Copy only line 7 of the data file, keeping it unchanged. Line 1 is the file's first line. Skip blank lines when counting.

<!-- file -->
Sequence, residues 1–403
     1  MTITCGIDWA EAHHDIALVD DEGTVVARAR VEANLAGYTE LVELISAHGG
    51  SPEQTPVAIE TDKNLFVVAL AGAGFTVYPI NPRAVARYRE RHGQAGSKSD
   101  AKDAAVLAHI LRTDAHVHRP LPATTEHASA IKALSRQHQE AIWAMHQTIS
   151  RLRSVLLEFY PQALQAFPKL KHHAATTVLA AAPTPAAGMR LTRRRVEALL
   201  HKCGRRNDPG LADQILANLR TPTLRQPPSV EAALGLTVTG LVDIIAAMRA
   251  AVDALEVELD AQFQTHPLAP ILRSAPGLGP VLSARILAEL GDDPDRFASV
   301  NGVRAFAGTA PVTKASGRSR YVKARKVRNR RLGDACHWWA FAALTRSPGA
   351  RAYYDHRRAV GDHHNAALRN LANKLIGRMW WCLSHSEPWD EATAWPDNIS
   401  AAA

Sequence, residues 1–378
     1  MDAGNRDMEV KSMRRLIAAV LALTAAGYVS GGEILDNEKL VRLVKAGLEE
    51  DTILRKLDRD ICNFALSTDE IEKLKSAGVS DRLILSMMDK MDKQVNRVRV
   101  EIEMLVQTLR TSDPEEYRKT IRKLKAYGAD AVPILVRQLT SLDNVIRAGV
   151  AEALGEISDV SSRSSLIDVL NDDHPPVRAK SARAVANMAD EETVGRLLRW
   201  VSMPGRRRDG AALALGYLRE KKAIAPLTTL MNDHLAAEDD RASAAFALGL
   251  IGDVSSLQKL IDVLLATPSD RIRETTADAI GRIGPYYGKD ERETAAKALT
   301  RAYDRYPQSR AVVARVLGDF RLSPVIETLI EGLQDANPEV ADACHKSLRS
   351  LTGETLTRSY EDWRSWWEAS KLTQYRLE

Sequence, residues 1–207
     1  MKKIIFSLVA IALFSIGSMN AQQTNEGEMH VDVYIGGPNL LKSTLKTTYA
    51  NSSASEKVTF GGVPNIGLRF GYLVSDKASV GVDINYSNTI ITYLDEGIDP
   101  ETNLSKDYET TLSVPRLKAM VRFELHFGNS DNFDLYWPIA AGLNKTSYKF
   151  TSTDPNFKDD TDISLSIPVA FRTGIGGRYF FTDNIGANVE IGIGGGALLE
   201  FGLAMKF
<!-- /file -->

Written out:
   251  AVDALEVELD AQFQTHPLAP ILRSAPGLGP VLSARILAEL GDDPDRFASV